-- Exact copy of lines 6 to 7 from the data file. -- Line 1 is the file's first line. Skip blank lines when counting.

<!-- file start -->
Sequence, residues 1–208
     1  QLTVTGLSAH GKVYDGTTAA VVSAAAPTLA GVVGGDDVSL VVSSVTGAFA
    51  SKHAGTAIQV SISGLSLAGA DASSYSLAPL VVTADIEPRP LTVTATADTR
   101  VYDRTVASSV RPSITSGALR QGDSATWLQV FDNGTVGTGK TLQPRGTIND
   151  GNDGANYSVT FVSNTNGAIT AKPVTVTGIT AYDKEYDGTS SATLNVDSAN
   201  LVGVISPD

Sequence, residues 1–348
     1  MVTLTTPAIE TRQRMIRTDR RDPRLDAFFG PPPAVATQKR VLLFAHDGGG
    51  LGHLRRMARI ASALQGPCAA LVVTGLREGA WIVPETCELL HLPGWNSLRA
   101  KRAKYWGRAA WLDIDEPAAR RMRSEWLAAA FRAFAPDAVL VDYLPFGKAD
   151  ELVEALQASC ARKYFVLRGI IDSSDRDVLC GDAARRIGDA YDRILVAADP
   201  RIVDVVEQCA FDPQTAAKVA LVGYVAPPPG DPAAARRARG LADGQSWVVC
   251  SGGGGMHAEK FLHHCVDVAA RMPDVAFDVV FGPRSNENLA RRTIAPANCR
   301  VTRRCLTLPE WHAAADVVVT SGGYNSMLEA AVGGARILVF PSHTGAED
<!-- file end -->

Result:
   201  LVGVISPD

Sequence, residues 1–348